GCSEs 2022: Ofqual maths lost learning plan 'flawed'

Formulae sheets in next year's GCSE exams won't make up for Covid disruption to learning, say maths teachers

Catherine Lough

GCSE and A-level exams 2022: Exams 'must recognise different Covid learning loss'

Maths teachers have said that providing formulae sheets for students in 2022 GCSE exams will have "no significant mitigating effect against the effects of the pandemic".

Ofqual and the Department for Education have launched a consultation on proposed changes to GCSEs and A levels in 2022 to adjust exams to allow for students' learning loss during the Covid crisis.

The proposed changes, announced this week, include the idea that students sitting maths GCSE should be able to access formulae sheets in their exams rather than having to memorise them.


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But some maths teachers have raised concerns that this will do little to address students' learning loss next year.

GCSEs 2022: Allowing formulae sheets in maths exams 'won't make much difference'

Hayden Rissbrook, chair of the Association of Teachers of Mathematics, told Tes that formulae sheets were not "particularly controversial" in that they were used in maths GCSE exams until the change to the numerical 9 to 1 grading system.

"I think what is a surprise is the thought that a formulae sheet would have some sort of significant mitigating effect against the effects of the pandemic, because that’s really not the case," he added.

"Firstly, I think that’s because there’s actually very few formulae to remember in the beginning, and for most students remembering the formulae isn’t the barrier to success – what they’ve really got to be able to do to perform well is apply those formulae in varied contexts and demonstrate their use in standard and novel problems.

"And it’s the opportunities to practise those sort of skills with the guidance and feedback of teachers that’s the main barrier to student progress in the pandemic. Providing them with the formulae that could largely be well remembered by the majority of students is not going to have any kind of mitigating effect on that issue."

Mr Rissbrook said that Ofqual and the DfE were in an "extremely difficult position" when it came to mitigating learning loss for maths, as removing sections of the syllabus would disadvantage schools depending on the order they had taught topics, while introducing optionality was likely to benefit students who had not had their learning significantly disrupted, as they would have "free choice" over which topics to answer.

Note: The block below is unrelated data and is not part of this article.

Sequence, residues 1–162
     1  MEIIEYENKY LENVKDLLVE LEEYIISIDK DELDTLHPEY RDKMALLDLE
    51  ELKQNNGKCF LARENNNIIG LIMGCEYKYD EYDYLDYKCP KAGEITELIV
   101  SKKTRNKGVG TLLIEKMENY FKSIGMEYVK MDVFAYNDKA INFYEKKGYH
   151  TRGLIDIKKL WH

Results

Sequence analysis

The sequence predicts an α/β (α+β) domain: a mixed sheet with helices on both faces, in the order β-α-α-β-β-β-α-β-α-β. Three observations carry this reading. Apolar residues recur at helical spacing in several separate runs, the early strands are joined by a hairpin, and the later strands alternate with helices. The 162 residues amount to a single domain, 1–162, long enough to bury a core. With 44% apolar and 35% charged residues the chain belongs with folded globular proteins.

Mr Rissbrook said optionality would also impact progression on to A-level studies.

"Don’t get me wrong, students will welcome having the formulae sheet because they will see it as one less thing to remember and another prop to help them in the process," he added.

"I personally don’t think adjustments to the mathematics exam are the answer. It’s an intractable problem that means facing the usual GCSE exams is likely to be what occurs, for want of a better alternative.

"I think this is a problem we are going to have to teach our way out of. 

"That means having clarity, from the very first day in September, as to how the GCSE will look in 2022 and, importantly, what the ‘plan B’ is in the event of further disruption. 

"Then allow maths teachers to focus on what they do best: assessing pupils, responsively adjusting the curriculum, delivering high-quality lessons and preparing their students for the challenges ahead. The profession has already shown immense flexibility and resilience to maintain education; I have every faith it will continue to do so. 

"This also means freeing teachers and schools from unnecessary burdens and changes, so the sole focus of the profession is restabilising the system and young people’s lives."

Posting on social media, further education lecturer Gary Mason-Dring compared providing formulae sheets to students with giving someone a printout of road signs to help them pass their driving test.

However, maths teacher Mark Crossley said he had responded to Ofqual's consultation by stating: "Access to a formulae sheet will allow students to demonstrate their mathematical understanding without being fully reliant on recall of formulae. This will allow students to focus their preparation time on mastering skills rather than learning formulae."

An Ofqual spokesperson said: “We are keen to gather views from teachers, parents and students as we go through the consultation process on proposals for summer 2022 and encourage them to feed into it.”

 

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author bio

Catherine Lough

Catherine Lough is a reporter at Tes.

Find me on Twitter @CathImogenLough

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